If the first part of our whack went very smoothly and even went at a decent pace, the second half did not. It started raining again so we went from wet clothes and vegetation to sopping wet. Of course we were slowly gaining elevation too so it was getting colder. Assuming Hawthorne Falls was EITHER at the 2850ft point he’d heard it was at and which we were just at OR at the 3100ft point I had it at, we whacked up a ways, then contoured rather than continue following the brook where the woods didn’t seem so great for a bit. The walking wasn’t great higher up either but we eventually got to around 3100ft. No falls there. In fact, it was the flattest we’d seen the brook since leaving the trail! We walked down a few hundred feet but the brook was still very flat and we couldn’t hear anything that sounded like falls so we continued up as it started raining on us for the third time that day. We hoped to find it slightly further up but nothing. The brook again curves west and at that point we knew it wasn’t there so we started whacking up toward the col where Franconia Brook Trail intersects Garfield Ridge Trail. The question remains: were the falls we saw at 2850ft Hawthorne Falls or did we miss them somewhere in between 2850 and 3050? I’ve got some sources I’ve yet to reach out to that can hopefully provide an answer to guide further trips but if anyone has any input please don’t hesitate to email me :)
The whacking was in good woods and at a nice grade. We even found a piece of plastic haha. The ridge was a little hard to follow so we ended up a bit west of the col but who cares. Nice to be on trail again but man we’re we wet. Put on some dry layers and started up Garfield. There was standing/running water on the trail. The trail was actually pretty flat/gradual for a ways before coming to the dreaded steeps with the waterfall. We were a bit worried about what that waterfall might look like but it wasn’t too bad. Wet of course so had to exercise some caution but not a large volume of water flowing down it at all. Furthermore, we started running in to people. We made it to the summit which wasn’t ANYWHERE near as windy as predicted or as others told us it was (maybe we were there during a lull?) and then made our way down to the pond. Ran into many people and groups along this section who’d gone through some small hail earlier in Lafayette. Yikes!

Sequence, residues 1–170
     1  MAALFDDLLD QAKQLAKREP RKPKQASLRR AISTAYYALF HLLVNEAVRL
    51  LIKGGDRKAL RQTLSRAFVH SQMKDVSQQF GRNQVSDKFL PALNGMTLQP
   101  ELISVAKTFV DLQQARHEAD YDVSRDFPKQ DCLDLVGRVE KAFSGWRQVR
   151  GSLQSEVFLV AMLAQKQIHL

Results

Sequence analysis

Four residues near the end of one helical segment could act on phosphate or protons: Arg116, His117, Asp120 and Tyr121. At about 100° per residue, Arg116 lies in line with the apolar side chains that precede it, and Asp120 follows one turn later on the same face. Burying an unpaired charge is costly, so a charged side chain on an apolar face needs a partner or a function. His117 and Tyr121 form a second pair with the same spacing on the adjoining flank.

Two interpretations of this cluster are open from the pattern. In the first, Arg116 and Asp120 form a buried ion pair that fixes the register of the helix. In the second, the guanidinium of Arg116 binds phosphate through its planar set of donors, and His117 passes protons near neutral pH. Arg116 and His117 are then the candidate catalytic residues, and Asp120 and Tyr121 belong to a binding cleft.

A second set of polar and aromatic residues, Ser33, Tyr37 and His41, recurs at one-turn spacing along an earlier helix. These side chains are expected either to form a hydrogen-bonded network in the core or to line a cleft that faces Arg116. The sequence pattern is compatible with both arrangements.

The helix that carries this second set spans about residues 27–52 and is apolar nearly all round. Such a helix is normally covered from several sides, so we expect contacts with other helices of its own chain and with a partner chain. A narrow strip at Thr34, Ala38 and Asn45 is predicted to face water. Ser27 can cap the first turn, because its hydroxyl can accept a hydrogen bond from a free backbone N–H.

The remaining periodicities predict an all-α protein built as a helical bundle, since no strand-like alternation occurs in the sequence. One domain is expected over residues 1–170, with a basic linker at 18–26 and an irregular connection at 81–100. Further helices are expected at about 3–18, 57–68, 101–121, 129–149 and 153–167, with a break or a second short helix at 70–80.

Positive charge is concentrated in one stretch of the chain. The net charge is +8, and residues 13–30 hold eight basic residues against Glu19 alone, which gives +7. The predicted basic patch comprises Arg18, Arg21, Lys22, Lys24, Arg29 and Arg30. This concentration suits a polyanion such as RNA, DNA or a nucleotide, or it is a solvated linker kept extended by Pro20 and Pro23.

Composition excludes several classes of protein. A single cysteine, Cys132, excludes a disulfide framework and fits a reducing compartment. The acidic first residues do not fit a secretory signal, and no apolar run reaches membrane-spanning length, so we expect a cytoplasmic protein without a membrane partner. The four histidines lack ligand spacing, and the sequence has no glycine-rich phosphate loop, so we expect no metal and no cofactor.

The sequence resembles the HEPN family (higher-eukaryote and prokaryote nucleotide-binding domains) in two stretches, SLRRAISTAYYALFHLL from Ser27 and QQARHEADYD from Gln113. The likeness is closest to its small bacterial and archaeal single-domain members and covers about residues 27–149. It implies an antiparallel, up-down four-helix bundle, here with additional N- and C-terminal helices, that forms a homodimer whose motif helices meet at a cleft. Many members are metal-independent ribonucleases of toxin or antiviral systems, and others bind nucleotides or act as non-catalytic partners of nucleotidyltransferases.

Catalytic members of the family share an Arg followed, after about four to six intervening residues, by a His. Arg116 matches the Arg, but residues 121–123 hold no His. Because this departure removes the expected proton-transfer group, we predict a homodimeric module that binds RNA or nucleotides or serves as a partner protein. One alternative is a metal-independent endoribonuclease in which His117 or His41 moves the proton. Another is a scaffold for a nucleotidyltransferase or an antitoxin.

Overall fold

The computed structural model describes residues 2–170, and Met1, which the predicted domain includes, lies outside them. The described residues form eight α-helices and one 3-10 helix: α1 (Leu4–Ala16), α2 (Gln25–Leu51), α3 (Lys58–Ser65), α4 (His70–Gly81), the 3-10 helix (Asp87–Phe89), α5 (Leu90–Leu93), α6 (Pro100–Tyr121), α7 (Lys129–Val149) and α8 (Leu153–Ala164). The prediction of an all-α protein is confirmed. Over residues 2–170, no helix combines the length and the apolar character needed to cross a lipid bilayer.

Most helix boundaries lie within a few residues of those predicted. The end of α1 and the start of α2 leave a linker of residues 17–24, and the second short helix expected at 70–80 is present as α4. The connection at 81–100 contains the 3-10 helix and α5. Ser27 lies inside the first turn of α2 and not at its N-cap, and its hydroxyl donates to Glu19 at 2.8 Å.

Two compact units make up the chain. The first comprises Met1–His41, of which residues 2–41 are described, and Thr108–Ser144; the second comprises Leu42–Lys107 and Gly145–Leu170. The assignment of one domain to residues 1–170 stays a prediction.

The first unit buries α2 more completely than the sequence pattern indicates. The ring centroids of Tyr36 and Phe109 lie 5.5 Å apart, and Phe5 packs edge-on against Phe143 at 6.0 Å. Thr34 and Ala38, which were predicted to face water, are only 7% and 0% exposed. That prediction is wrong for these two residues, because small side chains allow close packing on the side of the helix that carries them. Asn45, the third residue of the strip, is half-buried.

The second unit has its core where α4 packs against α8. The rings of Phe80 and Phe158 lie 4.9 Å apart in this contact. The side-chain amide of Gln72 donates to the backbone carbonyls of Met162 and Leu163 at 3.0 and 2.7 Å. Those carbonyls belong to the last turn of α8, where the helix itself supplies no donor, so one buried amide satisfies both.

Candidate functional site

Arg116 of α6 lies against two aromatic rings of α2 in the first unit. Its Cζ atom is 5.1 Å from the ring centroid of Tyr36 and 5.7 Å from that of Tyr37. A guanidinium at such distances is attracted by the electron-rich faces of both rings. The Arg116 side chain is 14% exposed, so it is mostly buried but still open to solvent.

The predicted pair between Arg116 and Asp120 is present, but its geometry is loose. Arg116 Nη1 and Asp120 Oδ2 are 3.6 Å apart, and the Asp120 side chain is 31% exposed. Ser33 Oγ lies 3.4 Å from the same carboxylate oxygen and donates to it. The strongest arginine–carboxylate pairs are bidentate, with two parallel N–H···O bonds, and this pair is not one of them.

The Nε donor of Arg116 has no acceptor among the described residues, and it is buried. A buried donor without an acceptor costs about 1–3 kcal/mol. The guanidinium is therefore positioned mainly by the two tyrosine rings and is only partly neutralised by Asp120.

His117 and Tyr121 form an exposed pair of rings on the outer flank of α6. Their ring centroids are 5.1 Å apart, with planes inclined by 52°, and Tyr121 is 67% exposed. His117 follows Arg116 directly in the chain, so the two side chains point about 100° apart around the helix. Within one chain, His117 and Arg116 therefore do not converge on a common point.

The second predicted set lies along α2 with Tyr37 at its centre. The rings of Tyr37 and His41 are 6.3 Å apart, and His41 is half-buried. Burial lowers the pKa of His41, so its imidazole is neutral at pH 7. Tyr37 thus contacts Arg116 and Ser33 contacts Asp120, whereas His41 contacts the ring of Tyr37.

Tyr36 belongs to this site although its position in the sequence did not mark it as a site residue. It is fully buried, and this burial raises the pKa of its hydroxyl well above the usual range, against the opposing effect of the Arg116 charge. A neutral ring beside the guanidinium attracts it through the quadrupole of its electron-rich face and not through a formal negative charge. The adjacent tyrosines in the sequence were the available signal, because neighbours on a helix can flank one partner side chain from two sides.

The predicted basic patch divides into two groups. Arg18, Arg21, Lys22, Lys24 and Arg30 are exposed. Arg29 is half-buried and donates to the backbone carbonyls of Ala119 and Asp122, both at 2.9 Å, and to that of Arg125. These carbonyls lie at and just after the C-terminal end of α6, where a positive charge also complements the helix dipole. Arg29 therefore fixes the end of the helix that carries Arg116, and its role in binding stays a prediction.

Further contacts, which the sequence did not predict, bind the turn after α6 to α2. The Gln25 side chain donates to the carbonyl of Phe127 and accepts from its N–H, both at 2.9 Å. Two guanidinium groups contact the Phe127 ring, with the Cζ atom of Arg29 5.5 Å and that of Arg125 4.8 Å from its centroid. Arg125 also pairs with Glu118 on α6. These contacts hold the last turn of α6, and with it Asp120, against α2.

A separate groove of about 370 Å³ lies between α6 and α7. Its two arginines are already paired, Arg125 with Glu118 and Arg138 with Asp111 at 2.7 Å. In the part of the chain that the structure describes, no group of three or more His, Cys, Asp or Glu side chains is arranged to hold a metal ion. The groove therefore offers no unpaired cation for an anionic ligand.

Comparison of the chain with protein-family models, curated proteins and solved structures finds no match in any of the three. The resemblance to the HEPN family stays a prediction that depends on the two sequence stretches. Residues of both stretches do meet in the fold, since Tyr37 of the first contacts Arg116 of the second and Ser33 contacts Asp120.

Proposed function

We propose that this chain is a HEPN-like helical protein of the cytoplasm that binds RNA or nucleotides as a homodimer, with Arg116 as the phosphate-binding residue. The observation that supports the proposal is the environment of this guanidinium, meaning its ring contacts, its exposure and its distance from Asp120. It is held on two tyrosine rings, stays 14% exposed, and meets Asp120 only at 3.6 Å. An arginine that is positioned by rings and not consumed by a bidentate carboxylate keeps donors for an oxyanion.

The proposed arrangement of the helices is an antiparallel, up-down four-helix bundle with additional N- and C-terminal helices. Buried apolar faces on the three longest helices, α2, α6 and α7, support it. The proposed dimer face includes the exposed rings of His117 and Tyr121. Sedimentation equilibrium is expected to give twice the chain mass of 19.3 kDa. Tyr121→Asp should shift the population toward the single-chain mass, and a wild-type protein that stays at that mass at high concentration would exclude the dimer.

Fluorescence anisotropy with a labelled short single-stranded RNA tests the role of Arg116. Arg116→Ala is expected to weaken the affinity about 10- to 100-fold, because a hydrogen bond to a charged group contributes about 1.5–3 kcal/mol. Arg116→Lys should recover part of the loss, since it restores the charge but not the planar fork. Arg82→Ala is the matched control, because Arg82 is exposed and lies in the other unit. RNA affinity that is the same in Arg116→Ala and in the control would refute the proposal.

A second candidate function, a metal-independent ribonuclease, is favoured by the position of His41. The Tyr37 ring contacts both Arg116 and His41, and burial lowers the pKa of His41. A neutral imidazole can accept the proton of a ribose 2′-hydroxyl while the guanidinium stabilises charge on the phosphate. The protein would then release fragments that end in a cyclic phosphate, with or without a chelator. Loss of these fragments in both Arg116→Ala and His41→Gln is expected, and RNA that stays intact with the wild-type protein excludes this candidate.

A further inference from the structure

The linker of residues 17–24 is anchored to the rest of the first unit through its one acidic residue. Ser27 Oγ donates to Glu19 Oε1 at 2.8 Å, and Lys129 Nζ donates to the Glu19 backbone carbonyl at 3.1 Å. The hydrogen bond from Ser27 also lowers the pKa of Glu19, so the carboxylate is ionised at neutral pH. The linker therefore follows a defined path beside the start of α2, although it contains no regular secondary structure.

We did the short redlining spur to the pond, saw no herdpath around the pond, so continued to where old maps showed the old trail connecting Garfield Trail to the pond and Garfield Ridge Trail to be. We stoped and looked around right where I think the old trail probably came in but it looked too steep so we went down a little further to where it was flatter in search of it. Looked nice and flat with good woods but soon turned very thick and we were going up. We even came close to some cliffs I think to our left that looked like the pond. We easily lost our bearing in here as we thought her could just contour but it felt like we could do anything but. We made our way through the nasty woods and I soon saw what seemed like an opening through the woods to an open area. I fought my way through and...voila! A fire ring! And what seemed like a faint herd path. We followed it but it seemed to dead end at another camping spot. Couldn’t find the herd path and were surrounded by thick woods. Again, easily loosing our direction. We fought through some thick stuff, soon practically reached the pond, and huzzah! Found a legit herd path that’s an extension of the one from Garfield Trail that I was trying to follow all along.
We followed that much more easily back to the trail, changed into dry clothes again, and made our way down. The trail was wet of course but no running water down it like on Garfield Ridge Trail. Weird to see so many groups on a sucky day on the ridge headed to Garfield tent site or Galehead Hur and yet no day hikers coming down Garfield Trail. We were late in the day though. The trip down was uneventful and we even dried out some. Reached the car around 6:30-6:45pm I believe for a nearly 9hr hike.
||Liam Cooney |
Disclaimer: Reports are not verified - conditions may vary. Use at own risk. Always be prepared when hiking. Observe all signs. Trail conditions reports are not substitutes for weather reports or common sense.